There's been a bit of a fuss in Pittsburgh over a public art performance in which a CMU student dressed up as the pope and handed out condoms -- while showing off her cross-shaped pubic hair. It took a couple of days, but eventually someone complained: first the local bishop, and then a bunch of rabble-rouses across the nation (such as the "Catholic League").
The bishop seems to be the most articulate and reasonable among these complainers. He apparently is primarily concerned with the use of the cross in this demonstration, and with an increasing disregard for "the sacred". My inclination is to respond "fuck the sacred". In my experience, "the sacred" is a ploy that some people use to impose themselves on others, and I am quite happy to say that either everything is sacred, or nothing is. (These opinions have not received extensive thought, so I'd love to discuss them). Furthermore, if a powerful person uses a sacred symbol to reinforce his authority, then he is the one who politicized it and invited sacrilege.
The more obnoxious complaints are of the "victimized American Christian" variety... as if American Christians are an oppressed class. Catholics may have some claim to special consideration in America, since they were historically marginalized (particularly if they migrated from English-occupied Ireland), but as a group, Catholics have made a pretty solid transition into the establishment. For instance, they are over-represented in Congress (31%), and it's been about 50 years since the USA had it's first Catholic President. Given this influence, I'm don't give serious attention to superficial claims that Catholics are being treated unfairly. That's not to say that Catholics aren't subject to hate crimes (like every other group), but only that there is no reason to assume that any mockery of Catholicism represents anti-Catholic bigotry and likewise that our society doesn't need organizations that are specifically dedicated to protecting them (such as the "anti-defamation" Catholic League, which was founded after Kennedy's presidency).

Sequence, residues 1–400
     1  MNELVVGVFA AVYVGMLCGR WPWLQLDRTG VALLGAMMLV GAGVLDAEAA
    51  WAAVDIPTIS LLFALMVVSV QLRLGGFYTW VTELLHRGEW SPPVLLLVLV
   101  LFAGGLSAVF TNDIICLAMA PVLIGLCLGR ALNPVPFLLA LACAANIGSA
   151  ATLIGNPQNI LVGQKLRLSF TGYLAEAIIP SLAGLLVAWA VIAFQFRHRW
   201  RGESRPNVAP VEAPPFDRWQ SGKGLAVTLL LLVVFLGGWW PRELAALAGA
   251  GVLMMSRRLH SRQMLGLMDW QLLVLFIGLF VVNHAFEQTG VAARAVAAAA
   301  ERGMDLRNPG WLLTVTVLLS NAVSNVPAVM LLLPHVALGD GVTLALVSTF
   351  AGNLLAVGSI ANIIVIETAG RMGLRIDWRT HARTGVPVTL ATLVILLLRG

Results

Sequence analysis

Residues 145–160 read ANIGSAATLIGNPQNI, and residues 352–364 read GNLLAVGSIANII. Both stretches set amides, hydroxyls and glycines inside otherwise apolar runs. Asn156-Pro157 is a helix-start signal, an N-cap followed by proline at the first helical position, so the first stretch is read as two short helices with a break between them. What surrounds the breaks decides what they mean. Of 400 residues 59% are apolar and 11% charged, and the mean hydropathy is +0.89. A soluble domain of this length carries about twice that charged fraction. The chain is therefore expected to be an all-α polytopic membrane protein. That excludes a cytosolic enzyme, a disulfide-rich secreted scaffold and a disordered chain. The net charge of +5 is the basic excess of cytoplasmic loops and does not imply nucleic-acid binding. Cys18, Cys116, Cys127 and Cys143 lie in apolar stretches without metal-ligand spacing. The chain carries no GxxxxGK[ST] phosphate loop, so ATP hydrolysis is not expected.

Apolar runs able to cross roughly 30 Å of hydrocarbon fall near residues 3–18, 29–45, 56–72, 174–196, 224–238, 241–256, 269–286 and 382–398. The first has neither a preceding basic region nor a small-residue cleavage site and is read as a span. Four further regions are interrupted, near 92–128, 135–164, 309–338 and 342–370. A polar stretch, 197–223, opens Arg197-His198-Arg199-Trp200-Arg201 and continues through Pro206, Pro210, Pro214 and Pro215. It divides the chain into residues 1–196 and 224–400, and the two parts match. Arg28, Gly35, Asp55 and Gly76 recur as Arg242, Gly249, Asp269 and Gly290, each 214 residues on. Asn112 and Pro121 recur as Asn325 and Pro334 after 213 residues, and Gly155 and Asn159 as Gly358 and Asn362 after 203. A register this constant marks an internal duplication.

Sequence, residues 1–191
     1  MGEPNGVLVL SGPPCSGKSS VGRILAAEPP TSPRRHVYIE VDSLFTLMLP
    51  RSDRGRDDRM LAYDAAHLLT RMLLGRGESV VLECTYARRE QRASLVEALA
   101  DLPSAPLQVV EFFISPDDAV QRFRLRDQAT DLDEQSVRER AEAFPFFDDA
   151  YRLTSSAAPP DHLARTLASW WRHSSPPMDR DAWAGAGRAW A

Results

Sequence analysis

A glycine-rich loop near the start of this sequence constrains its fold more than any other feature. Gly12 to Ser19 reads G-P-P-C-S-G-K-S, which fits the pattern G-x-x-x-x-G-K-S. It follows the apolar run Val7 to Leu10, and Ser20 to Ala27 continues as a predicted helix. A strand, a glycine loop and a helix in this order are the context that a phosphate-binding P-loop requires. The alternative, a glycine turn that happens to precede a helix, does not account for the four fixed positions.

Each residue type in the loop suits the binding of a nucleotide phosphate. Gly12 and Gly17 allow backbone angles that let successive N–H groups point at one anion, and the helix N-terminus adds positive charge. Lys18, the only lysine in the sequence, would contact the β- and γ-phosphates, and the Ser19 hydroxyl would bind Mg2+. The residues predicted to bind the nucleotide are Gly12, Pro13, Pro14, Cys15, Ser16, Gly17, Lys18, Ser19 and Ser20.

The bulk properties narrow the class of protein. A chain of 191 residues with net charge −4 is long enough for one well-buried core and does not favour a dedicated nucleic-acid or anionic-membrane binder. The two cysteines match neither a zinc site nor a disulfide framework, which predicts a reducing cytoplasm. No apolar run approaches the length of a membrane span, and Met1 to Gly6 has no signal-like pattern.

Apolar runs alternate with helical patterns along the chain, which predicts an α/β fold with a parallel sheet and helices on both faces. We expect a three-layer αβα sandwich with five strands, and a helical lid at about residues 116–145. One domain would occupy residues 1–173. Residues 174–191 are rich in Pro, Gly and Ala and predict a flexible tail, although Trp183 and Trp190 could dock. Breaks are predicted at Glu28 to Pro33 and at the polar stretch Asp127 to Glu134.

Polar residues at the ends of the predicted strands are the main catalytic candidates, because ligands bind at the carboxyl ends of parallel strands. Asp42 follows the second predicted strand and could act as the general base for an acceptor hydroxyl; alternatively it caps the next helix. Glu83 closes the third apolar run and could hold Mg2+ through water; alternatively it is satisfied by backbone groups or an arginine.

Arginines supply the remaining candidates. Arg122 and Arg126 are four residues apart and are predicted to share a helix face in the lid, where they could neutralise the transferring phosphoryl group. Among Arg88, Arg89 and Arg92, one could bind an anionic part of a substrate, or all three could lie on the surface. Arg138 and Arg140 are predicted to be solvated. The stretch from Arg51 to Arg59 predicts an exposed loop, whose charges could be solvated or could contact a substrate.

So anyway, as is common for American Christians who deny their privilege, these offended Catholics are claiming that a major university (i.e. liberals) would not tolerate mockery of other religious figures. My first counter-example would be the Iranian Ayatollah's, and I'd follow up with the King/Queen of England (head of the Anglican church), Pat Robertson, and the generic character of a revival tent-preacher or faith-healer. Granted, most of these are Christians, but there's a good reason for that -- only Christian religious leaders have substantial influence in our society. My remaining counter-example is a political leader, but so is the Pope.
The Pope is not only is influential, but he heads an explicitly political organization. As such, he is fair game for criticism and mockery. While all religious institutions have political impact, this passive political influence is not enough for the Catholic Church. Rather than just teaching that "abortion is evil" and then allowing laymen to take up the political battles, Church leaders insist on getting directly involved with organization of political campaigns and lobbying of politicians. For instance, the US Conference of Catholic Bishops takes positions on state policies that are not directly relevant to the church (e.g. access to emergency contraceptives), and many bishops use their religious authority to pressure state officials to change public policy (e.g. by denying communion to supporters of abortion rights).
While the political activities of the Catholic Church in the USA are not very intense, the church can be downright oppressive in countries where it is dominant. The pressure that they expert on legislators is much more intense in parts of Latin America, both because exclusion from the Church has a much greater impact and because the Church strives to influence a wider range of topics. Furthermore, there are several countries where the Catholic Church receives special privileges and powers (such as subsidies in many countries).
All in all, the Pope is a political leader, therefore he has opened himself up to a range of attacks that would normally be considered inappropriate if targeted at catholic laymen or a low-key religious leader.